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    $\begingroup$ because I saw that the function can be rewritten such that we will get a "constant product" since GM is $\sqrt{ab}$ if we have $a=1/b$ then we have a constant product. $\endgroup$ – C. Cristi Jun 17 '18 at 10:58

Re write as $k= (4x^2)/(x^2 -16)^.5 $,

$k^2 * ( x^2 -16) = 16x^4$

This is a quadratic in x^2. When the discriminant is 0, only one solution for x^2 is implied.As squaring creates extra solutions, check which of them is implied by your function. This is either a global minimum or maximum


It is the same as finding the minimum of $\frac{4z}{\sqrt{z-16}}$ for $z>16$, or the minimum of $\frac{16 t}{\sqrt{t-1}}$ for $t>1$, or the minimum of $\frac{16(u+1)}{\sqrt{u}}$ for $u>0$, or the minimum of $16\left(v+\frac{1}{v}\right)$ for $v>0$. It is clearly $\color{red}{32}$ by the AM-GM inequality.


Substitution makes it easier: Write $t=x^2-16$ then using inequality between AG and GM we have $$\frac{4x^2}{\sqrt{x^2-16}}=\frac{4t+64}{\sqrt{t}}\geq {4\sqrt{16t}\over \sqrt{t}}=16$$

and the minimum is achieved at $t=16$ or $x =\pm 4\sqrt{2}$


The solution can be arrived at by using the quadratic formula.

To begin, we want to analyze how $f(x)=\frac{4x^2}{\sqrt{x^2-16}}$ on the domain $x \gt 4$ can take on any value $h \gt 0$:

$\tag 1 f(x) = h \text{ iff } 16 x^4 - h^2 x^2 + 16 h^2 = 0$

For this quadratic equation in $x^2$ to have any solutions the discriminant must be greater than or equal to zero:

$\tag 2 h^4 - (4)(16)(16 h^2) \ge 0 \text{ iff } h^2 \ge (4)(16)(16) \text{ iff } h \ge (2)(16) \text{ iff } h \ge 32$.

So the range of the function is the interval $[32, +\infty)$ and so the minimum value hit by $f$ is $32$.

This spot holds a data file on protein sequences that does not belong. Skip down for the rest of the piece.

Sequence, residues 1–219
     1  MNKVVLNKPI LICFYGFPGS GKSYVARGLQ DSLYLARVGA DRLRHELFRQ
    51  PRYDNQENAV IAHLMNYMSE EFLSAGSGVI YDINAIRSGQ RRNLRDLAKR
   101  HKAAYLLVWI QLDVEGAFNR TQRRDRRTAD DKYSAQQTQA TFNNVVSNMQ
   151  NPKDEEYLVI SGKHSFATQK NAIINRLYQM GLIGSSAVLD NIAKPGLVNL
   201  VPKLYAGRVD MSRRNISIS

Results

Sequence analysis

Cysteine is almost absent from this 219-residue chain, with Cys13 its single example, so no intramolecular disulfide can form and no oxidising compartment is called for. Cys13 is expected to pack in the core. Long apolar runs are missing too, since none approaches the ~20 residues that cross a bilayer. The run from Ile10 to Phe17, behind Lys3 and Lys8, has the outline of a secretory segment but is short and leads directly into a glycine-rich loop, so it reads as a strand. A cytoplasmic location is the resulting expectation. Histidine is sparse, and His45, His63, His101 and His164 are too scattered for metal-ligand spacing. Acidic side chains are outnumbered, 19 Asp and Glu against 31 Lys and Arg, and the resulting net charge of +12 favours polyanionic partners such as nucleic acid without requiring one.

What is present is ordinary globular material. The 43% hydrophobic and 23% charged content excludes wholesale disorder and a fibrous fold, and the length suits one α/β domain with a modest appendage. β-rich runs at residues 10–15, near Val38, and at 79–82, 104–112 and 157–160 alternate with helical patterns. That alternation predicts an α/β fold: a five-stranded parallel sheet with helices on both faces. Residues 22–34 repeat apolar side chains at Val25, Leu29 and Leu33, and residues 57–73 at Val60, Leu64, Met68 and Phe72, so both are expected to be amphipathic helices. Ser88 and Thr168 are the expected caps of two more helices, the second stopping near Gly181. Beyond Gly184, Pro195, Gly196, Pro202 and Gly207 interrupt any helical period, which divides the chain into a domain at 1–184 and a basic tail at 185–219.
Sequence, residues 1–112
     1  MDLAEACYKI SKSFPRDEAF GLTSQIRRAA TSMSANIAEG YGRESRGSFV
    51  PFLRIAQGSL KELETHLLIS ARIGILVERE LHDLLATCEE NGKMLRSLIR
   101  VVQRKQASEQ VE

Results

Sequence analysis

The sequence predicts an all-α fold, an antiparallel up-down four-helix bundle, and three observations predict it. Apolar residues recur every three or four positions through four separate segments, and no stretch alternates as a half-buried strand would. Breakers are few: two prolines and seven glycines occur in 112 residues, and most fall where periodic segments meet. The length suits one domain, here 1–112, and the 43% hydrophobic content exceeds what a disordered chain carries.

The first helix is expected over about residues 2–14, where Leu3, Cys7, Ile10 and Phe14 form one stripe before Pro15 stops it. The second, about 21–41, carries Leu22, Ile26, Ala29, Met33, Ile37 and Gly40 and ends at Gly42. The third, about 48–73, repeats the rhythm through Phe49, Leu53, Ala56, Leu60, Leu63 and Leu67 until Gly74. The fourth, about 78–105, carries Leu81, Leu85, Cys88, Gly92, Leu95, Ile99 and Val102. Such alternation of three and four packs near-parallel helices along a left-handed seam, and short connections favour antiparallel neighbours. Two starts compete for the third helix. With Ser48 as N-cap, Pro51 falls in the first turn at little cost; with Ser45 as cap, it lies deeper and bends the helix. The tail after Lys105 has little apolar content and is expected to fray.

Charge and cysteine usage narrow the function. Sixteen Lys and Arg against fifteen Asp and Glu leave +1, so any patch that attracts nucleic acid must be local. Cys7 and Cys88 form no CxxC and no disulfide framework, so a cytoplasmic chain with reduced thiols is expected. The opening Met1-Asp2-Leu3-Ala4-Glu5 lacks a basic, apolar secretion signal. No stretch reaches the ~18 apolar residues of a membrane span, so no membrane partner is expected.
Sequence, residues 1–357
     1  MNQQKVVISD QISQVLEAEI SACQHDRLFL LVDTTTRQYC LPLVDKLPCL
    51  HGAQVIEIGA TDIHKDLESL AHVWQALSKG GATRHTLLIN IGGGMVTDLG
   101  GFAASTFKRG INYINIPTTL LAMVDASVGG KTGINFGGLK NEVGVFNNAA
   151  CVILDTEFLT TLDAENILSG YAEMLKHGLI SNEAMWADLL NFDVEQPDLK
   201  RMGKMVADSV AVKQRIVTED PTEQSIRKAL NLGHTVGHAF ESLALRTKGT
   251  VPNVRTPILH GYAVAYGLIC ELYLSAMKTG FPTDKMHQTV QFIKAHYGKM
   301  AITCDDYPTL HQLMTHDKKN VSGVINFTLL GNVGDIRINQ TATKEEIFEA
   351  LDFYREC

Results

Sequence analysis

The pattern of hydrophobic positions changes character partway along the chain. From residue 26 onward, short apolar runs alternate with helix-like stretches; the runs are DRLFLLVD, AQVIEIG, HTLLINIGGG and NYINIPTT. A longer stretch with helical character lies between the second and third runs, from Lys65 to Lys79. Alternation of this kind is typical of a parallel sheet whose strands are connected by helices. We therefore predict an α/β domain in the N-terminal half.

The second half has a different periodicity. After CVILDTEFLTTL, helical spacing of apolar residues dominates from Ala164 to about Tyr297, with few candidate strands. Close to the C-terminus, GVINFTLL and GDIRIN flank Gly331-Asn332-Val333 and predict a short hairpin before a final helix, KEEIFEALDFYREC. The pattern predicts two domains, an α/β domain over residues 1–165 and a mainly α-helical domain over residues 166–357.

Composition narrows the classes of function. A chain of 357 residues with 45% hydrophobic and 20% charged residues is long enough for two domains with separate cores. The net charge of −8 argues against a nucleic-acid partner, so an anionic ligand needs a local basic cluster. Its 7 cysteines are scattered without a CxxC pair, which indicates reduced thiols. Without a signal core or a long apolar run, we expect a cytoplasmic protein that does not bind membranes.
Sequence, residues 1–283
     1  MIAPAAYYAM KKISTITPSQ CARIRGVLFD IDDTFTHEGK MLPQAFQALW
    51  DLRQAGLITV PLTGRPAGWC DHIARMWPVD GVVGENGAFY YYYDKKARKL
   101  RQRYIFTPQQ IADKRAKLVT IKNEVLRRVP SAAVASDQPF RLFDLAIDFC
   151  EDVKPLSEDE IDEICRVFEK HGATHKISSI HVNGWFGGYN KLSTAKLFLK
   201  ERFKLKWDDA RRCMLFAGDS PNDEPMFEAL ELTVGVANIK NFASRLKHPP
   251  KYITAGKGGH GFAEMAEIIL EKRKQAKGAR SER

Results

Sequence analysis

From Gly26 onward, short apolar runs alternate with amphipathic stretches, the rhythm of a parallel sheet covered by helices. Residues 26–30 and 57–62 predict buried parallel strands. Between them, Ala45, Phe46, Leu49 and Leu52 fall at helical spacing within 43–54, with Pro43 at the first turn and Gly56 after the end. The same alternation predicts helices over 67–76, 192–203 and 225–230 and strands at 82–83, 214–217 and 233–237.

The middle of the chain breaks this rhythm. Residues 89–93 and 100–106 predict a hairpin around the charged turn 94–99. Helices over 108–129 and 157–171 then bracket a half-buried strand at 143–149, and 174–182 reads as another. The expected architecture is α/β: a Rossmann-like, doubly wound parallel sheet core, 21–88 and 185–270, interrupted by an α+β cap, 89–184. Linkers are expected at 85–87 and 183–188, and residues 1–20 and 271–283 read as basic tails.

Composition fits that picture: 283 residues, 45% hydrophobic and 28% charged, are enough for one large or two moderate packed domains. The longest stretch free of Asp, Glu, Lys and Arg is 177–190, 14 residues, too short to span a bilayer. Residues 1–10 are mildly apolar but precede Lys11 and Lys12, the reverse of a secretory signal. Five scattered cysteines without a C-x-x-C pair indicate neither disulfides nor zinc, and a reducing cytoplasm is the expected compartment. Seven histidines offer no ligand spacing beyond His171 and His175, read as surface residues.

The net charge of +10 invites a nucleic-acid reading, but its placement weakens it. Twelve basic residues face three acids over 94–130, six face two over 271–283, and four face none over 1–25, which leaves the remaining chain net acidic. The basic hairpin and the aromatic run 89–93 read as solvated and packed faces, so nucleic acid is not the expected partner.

Using $\text{(1)}$ and $\text{(2)}$ above and the quadratic formula when the discriminant is zero, we see that

$\tag 3 x^2 = \text{[negative } b \text{ divided by } 2 a \text{]} = (32^2)/(2)(16) \text{ iff } x = 32/(4 \sqrt 2) = 4 \sqrt 2$ so

$\tag 4 f(4 \sqrt 2) = 32$

See Ethan Horsfall's answer.




Here, $a$ is the minimum function value.

Square both sides and convert the resulting polynomial relation to the form $P(x)=0$:



Now if $a$ is to be the minimum function for $f(x)$ value then the polynomial will have a squared factor for that value of $a$; the value of $x$ where that occurs (called $x_0$) is the resulting double root:




For this factorization to hold The cubic and linear terms must satisfy $p-2x_0=0$ and $-2q+px_0=0$ (the function would not be defined at $x_0=0$). Therefore $p=2x_0, q=x_0^2$. Put these into the quadratic and constant terms:



Dividing the second of these two equations by the first leads to $x_0^2=32$, thus $x_0=\pm 4\sqrt{2}$ for the minimizing $x$ value. The minimum function value, which is clearly positive, is then $a=\sqrt(2x_0^2)=8$.


A bit of trickery:

Note :$|x|>4 .$

Set $y= (x^2-16)^{1/2}$, $y>0$.

With $x^2= y^2 +16$:

$F(y): =\dfrac {4y^2 +64}{y}=$

$4y +64/y =$

$4(√y -4/√y)^2+ (4)(8)$.

$F_{min}(y)= 32$; at $y= 4.$

Corresponding $x$:

$y^2+16 = x^2,$ or

$x= ^+_-(32)^{1/2}$

  • $\begingroup$ I posted this idea an hour ago. $\endgroup$ – C. Cristi Jun 17 '18 at 11:12